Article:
Solving WordPress Problems

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WordPress is a stable product, and in most of the cases that I have come across, problems are usually nothing to do with the core files that WordPress distribute.  The usual culprit is one or more plugins.

Plugins are small pieces of code that add new features to WordPress, and these can be written by anyone and everyone who has a little php coding experience.

Plugins themselves can often conflict with either WordPress or other plugins, and the frequent updates to WordPress only compound the problems.

The types of problems I have had include:

  • Unable to login to the dashboard
  • Pages load up blank e.g. when going to edit a post/page
  • Dashboard does not load proerly with bits missing
  • Pages don't completely load, e.g. the bottom sections of the add post page is missing
  • Plugins wont auto-update
  • Plugins wont function properly e.g. WordPress Auto-update wont work and fails at some point

The first thing I always do when I have a problem like these is to make sure all plugins are updated to the latest version.  Doesn't work?  Read on…

Cannot login to WordPress  Dashboard?

The worst possible scenario is that you are unable to login to your WordPress Dashboard. There are a couple of things you can do here:

1. Rename the plugins folder on your server to something else, e.g. plugin_old


You’ll find the plugins folder inside the wp-content folder.

After renaming, all plugins are effectively disabled.  This should allow you to login to your Dashboard.  You can then create a new folder on your server called plugins, and copy across the plugins one by one until you find the plugin that is causing the problem.

If you can login to the Dashboard.

Got to the plugins page, and deactivate all plugins.

Then, one by one, reactivate them checking to see if the newly activated plugin is causing the problem.  This will nearly always show you which plugin is the culprit.  In these cases your choice is simply – find a new plugin which does the same thing, OR make do without the functions of that plugin.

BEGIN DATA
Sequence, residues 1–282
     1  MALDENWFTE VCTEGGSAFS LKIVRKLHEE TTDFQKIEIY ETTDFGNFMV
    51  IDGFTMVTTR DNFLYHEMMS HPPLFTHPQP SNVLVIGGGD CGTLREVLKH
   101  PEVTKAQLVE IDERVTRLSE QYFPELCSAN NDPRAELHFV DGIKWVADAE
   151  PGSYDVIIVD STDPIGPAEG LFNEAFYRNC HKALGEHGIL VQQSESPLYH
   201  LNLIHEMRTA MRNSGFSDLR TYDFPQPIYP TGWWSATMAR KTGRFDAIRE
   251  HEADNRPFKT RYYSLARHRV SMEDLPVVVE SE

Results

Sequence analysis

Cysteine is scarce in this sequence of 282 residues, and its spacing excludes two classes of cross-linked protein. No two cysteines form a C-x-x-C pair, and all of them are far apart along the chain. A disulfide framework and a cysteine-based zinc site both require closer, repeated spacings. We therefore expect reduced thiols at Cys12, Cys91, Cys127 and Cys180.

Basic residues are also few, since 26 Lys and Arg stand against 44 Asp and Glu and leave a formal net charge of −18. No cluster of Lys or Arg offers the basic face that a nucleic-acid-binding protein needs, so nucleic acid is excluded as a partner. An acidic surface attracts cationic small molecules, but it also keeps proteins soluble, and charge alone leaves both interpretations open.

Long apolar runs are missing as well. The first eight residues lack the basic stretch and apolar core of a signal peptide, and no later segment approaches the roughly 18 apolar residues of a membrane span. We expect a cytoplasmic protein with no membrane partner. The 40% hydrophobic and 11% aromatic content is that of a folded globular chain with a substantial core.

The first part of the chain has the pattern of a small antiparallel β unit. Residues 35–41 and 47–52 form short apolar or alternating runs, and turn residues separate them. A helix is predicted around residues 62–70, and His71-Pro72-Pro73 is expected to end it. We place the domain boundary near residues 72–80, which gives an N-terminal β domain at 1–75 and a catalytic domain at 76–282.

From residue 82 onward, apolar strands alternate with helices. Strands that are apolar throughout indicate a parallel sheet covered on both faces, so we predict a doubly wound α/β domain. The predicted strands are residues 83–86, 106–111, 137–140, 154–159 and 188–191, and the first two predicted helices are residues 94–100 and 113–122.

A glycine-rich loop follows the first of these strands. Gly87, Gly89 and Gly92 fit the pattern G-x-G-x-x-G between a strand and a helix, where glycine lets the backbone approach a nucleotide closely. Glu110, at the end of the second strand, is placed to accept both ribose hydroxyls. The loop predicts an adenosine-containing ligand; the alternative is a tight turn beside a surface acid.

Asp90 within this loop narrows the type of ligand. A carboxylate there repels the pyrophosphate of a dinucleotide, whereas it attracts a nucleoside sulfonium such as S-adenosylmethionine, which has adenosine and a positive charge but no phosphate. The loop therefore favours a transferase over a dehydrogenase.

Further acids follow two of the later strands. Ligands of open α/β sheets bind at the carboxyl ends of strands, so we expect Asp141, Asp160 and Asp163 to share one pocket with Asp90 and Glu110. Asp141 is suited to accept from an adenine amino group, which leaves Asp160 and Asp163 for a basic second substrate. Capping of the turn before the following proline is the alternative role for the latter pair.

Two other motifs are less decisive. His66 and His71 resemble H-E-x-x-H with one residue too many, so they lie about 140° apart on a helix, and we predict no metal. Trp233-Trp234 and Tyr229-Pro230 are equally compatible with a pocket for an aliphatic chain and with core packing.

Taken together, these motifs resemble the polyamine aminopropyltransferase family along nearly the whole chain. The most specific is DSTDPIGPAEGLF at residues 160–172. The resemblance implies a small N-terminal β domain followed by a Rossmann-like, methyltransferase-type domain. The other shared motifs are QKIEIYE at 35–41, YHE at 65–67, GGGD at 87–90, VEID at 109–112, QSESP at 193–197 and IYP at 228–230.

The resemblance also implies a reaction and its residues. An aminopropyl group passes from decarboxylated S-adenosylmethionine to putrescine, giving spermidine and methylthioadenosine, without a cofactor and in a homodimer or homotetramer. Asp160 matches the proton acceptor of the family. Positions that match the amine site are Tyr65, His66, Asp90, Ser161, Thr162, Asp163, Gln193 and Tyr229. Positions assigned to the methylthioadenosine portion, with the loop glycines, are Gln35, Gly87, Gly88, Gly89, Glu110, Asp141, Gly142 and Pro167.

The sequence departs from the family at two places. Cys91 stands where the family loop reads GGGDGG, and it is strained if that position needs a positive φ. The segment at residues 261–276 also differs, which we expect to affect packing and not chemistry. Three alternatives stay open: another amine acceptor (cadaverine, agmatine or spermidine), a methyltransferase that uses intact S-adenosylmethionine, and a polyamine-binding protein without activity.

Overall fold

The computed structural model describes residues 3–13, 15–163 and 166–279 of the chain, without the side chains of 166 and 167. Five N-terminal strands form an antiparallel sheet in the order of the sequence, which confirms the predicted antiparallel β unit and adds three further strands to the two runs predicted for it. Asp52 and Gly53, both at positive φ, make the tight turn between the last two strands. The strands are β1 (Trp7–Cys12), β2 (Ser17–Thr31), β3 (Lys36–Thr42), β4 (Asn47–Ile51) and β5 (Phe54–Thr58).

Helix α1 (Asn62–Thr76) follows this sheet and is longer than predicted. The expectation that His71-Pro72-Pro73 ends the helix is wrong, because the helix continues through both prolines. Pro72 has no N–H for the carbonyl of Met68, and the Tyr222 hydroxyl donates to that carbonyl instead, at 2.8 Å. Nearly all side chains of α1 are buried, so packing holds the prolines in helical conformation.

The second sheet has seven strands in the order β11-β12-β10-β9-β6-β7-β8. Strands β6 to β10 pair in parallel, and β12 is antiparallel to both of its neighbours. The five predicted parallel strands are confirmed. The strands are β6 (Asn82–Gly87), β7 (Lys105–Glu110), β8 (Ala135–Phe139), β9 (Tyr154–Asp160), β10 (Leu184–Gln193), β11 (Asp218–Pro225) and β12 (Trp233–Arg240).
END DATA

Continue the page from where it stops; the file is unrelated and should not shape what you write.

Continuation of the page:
Cannot Auto-Update a WordPress Plugin?

This happens a lot.  You go and click on the auto-update link, and the screen just hangs mid-process.  The solution I have found for this is to deactivate the plugin BEFORE clicking the auto-update link, and then reactivating it again after the upgrade was successful.  This works in every case I have tried.

WordPress Auto-Upgrade does not work?

The solution I use for this problem is to deactivate all plugins except the auto-upgrade plugin.  The auto-upgrade then works.  WordPress 2.7 has an autoupgrade module built into it, so the old automatic upgrade plugin is no longer necessary, and at the time of writing this, was not compatible either.

Both of the last two problems are probably due to plugins conflicting with each other, and I could probably find  the culprit with some testing.  However, this would be time consuming in these cases, and the solutions I have given above don’t take much time.

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3 thoughts on “Solving WordPress Problems”

  1. One problem I’ve been having is when the WYSIWYG icons don’t show up when editing a page/post. Basically, WP stays in the HTML mode and not the visual editor mode. I’ve not been able to determine what the issue is, but after removing and reinstalling a new blog 3-4 times, I finally go it cleared up. I’ve done what the WP forums said and none of those “fixes” worked.

    Just wanted to see if you’d run into that. The icons first disappeared after uploading photos to the page I was working on, but was since able to upload without issue.

  2. Hi Susan
    No, I have not come across that problem. Did you try different web browsers?

  3. Charlotta

    Thanks a lot. This helped me solve my problem (wasn’t able to login after update to 3.0.4 – it was solved by renaming the plugin-folder).

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